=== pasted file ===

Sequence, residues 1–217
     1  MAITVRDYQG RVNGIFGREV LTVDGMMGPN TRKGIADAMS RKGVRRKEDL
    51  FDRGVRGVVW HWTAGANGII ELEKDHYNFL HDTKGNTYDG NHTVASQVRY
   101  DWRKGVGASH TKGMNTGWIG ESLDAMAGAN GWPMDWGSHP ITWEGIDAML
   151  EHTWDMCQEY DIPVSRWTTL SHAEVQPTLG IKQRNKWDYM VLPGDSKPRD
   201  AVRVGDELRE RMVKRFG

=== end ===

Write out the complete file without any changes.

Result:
Sequence, residues 1–217
     1  MAITVRDYQG RVNGIFGREV LTVDGMMGPN TRKGIADAMS RKGVRRKEDL
    51  FDRGVRGVVW HWTAGANGII ELEKDHYNFL HDTKGNTYDG NHTVASQVRY
   101  DWRKGVGASH TKGMNTGWIG ESLDAMAGAN GWPMDWGSHP ITWEGIDAML
   151  EHTWDMCQEY DIPVSRWTTL SHAEVQPTLG IKQRNKWDYM VLPGDSKPRD
   201  AVRVGDELRE RMVKRFG